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Proximity cards, also known as prox cards, are effective and convenient credentials for access control ID verification.
But how do proximity cards work? Keep on reading to explore the intricacies of this popular security solution.
Proximity access control refers to access control systems that use proximity cards to identify users before deciding whether to grant access.
Proximity cards use electronic radio frequency identification (RFID) signals to communicate with door readers. Unlike earlier magnetic stripe cards, which require direct contact with a reader to activate the access control process, proximity cards only need to be in close proximity to a reader.
At the heart of every proximity card is an RFID chip containing a unique identifying number that is specific to the card.
When a proximity card comes within range of an RFID reader, the reader emits a low-power radio frequency. This radio wave interacts with the antenna in the proximity card, creating a small electrical current.
This current powers up the RFID chip, allowing it to transmit its stored data back to the reader.
Once powered, the RFID chip sends its unique identification number (and any other stored data) back to the reader via the antenna. This transmission happens almost instantaneously, allowing for swift access or denial based on the data received.
Many proximity cards use encryption to ensure the security of the data transmission. This means the data sent from the card to the reader is scrambled, making it difficult for potential eavesdroppers to decipher, while the intended RFID reader, with the correct decryption key, can understand the transmitted data just fine.
There are two main types of proximity cards: passive cards and active cards.
Passive cards don’t have their own power source. Instead, they rely entirely on radio waves from the RFID reader to power the chip. Passive cards are commonly used for access control purposes due to their simplicity and cost-effectiveness.
Active cards, on the other hand, come with their own battery source. This allows them to transmit data over longer distances. Active cards are typically used for more complex applications, such as vehicle tracking and asset management.
Different proximity cards operate at various frequencies depending on their intended use. Common frequencies include:
Enhanced Security: Proximity cards offer a higher level of security than traditional keys and even magnetic stripe cards. A proximity card’s unique identification number, when properly encrypted, makes it more difficult to duplicate.
Convenience: Users don't have to fumble with keys or swipe cards through a reader. Simply being near the reader is enough to be granted or denied access.
Durability: Prox cards are less prone to wear and tear since they don't require direct contact with a reader.
Integration Capabilities: Most proximity access control systems can integrate with other security systems for a comprehensive security solution.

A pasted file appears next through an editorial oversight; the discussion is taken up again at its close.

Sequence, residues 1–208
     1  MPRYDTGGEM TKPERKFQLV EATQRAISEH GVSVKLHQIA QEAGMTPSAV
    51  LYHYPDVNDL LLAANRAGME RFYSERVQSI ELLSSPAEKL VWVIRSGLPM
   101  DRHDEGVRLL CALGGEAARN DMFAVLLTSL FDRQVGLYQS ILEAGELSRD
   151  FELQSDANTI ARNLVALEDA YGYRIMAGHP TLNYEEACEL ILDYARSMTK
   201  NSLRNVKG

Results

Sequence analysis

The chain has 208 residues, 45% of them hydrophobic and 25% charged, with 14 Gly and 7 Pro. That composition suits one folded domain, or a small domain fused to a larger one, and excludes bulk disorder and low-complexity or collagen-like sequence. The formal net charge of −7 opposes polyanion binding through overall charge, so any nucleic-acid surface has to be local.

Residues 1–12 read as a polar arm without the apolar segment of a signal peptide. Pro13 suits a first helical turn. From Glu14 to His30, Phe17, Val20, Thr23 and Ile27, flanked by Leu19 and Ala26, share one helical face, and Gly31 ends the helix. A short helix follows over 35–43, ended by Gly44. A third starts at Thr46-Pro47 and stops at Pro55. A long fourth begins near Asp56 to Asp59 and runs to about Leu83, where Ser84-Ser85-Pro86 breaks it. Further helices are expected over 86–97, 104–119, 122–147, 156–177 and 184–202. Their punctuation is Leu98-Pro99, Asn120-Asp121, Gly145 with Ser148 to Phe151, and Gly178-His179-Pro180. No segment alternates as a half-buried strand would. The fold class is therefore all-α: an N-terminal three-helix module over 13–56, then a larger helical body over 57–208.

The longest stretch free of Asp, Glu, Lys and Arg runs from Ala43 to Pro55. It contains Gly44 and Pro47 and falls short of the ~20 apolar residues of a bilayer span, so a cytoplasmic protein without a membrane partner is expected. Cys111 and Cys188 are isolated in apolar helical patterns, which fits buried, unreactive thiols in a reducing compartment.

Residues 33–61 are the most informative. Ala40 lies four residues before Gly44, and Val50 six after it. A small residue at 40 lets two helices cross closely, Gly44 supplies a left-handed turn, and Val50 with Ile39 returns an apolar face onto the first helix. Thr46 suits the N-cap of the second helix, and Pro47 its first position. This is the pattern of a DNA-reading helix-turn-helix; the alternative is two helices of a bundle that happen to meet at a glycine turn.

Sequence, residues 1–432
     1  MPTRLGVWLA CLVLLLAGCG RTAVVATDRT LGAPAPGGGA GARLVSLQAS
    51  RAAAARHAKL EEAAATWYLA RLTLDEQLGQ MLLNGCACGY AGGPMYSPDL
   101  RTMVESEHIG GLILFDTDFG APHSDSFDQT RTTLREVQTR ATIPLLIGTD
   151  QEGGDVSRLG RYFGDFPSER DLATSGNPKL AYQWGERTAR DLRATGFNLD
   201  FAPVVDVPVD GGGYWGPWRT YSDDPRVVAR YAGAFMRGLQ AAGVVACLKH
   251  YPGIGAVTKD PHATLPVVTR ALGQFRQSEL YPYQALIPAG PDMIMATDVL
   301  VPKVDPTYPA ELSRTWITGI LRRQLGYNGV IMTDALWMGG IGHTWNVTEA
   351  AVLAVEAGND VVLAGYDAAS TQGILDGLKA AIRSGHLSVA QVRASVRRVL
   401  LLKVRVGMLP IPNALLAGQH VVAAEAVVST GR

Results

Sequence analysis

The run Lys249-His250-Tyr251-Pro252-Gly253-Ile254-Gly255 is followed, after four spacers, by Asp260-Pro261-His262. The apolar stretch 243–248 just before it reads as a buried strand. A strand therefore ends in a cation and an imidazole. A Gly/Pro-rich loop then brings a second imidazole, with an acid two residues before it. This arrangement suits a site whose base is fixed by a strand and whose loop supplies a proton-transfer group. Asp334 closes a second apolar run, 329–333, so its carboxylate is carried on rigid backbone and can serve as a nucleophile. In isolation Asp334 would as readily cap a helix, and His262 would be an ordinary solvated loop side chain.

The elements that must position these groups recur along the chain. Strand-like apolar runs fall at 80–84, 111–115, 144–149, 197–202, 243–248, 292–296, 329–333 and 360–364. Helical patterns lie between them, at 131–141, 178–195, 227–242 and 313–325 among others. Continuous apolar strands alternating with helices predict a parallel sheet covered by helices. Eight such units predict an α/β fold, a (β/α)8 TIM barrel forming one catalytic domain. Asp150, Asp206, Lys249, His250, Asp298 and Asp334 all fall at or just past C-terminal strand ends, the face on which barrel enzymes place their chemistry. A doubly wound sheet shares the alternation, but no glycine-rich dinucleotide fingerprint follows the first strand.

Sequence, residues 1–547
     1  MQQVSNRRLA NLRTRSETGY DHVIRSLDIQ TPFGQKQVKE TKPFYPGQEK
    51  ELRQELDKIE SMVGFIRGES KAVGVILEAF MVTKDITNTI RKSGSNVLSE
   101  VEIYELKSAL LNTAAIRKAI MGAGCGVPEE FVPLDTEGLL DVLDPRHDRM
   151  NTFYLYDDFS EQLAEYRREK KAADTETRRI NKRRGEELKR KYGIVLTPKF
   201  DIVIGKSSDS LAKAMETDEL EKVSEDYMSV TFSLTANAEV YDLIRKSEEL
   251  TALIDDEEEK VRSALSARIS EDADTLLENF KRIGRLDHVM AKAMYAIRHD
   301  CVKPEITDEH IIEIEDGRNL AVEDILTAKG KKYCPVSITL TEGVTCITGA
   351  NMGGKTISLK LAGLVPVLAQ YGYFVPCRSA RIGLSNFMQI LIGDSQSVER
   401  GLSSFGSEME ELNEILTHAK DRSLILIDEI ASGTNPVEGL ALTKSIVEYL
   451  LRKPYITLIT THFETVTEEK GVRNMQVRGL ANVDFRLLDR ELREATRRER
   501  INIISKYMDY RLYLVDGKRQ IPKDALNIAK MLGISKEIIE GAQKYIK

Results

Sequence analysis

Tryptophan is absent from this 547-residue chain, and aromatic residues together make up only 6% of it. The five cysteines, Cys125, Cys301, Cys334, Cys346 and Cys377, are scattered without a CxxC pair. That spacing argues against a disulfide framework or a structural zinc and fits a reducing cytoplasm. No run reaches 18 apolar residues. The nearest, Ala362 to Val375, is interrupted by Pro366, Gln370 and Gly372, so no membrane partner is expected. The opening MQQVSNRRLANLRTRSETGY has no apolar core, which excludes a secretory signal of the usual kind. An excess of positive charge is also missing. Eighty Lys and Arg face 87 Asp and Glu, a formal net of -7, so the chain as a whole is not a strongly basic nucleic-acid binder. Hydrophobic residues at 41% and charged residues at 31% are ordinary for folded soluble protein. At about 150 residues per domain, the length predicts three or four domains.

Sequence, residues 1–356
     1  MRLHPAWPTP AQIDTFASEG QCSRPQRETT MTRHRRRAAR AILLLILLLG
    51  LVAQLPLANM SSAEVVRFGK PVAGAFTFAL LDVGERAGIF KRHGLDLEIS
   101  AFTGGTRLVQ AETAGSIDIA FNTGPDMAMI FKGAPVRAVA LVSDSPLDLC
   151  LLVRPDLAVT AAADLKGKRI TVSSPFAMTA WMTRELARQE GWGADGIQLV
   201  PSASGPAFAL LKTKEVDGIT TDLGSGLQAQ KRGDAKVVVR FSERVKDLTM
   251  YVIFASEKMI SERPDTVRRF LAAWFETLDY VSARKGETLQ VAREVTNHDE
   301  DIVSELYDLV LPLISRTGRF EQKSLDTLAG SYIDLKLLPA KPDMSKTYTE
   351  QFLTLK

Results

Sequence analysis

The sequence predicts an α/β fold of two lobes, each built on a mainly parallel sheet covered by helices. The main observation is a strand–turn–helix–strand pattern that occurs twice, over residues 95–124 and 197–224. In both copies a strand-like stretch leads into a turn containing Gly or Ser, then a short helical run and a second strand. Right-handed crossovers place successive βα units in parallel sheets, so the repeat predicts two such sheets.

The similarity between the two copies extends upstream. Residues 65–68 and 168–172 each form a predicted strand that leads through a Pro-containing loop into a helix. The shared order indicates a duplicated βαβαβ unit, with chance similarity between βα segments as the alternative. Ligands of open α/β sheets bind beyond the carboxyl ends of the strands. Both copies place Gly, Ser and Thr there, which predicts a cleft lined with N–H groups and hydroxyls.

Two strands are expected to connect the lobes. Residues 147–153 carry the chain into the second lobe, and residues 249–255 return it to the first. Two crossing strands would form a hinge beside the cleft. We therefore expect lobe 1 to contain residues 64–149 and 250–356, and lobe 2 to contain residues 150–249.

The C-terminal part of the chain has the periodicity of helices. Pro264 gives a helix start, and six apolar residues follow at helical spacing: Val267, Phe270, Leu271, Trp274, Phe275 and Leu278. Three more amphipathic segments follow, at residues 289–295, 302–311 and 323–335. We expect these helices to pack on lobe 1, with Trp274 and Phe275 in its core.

Easy Management: Administrators can quickly add, remove, and tailor access permissions to different staff needs. This easy adjustability makes proximity cards ideal for businesses with high employee turnover or multiple access levels.
Proximity cards are versatile and useful in many settings, including the following:
Offices and Corporate Buildings: Control who can access certain floors or rooms.
Hospitals: Ensure only authorized personnel can enter specific wards or access restricted medications and equipment.
Educational Institutions: Restrict access to labs, libraries, or dormitories.
Government Facilities: Enhance the security of sensitive areas.
Parking Lots: Allow only authorized vehicles to enter or exit.
It's crucial to engage with seasoned access control specialists to establish an access control system tailored to your site's distinct security and operational demands. At Mammoth Security, we collaborate with you to choose the most suitable products for your site security.
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Proximity access control refers to systems that use proximity cards to identify users and decide whether to grant access.
Proximity cards use electronic RFID signals to communicate with door readers without direct contact.
Unlike magnetic stripe cards that require direct contact with a reader, proximity cards only need to be near the readers.
The RFID reader emits a low-power radio frequency that interacts with the antenna in a passive proximity card, powering the RFID chip and allowing data transmission.
Powered by its own battery or a transmitted radio wave from a reader, the RFID chip sends its unique identification number and any other stored data to the reader almost instantly.
Active cards have their own battery source for longer data transmission distances, while passive cards rely on radio waves from the RFID reader for power.
Most building access proximity cards operate at a Low Frequency (LF), around 125 kHz.
Proximity cards offer enhanced security, convenience, durability, integration capabilities, and easy management.
They are used in offices, hospitals, educational institutions, government facilities, and parking lots to control access.
Prox cards don't require direct contact with a reader, making them less prone to wear and tear.
Administrators can quickly adjust access permissions, making it easy to manage access for different staff needs.